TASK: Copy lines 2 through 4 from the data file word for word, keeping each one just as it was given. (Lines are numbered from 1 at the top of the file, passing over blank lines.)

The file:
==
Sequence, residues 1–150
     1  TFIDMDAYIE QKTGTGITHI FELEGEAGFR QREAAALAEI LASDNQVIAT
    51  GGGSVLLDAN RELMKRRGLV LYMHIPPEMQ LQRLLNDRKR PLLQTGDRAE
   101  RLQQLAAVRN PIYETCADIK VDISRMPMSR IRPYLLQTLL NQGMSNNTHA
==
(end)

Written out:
     1  TFIDMDAYIE QKTGTGITHI FELEGEAGFR QREAAALAEI LASDNQVIAT
    51  GGGSVLLDAN RELMKRRGLV LYMHIPPEMQ LQRLLNDRKR PLLQTGDRAE
   101  RLQQLAAVRN PIYETCADIK VDISRMPMSR IRPYLLQTLL NQGMSNNTHA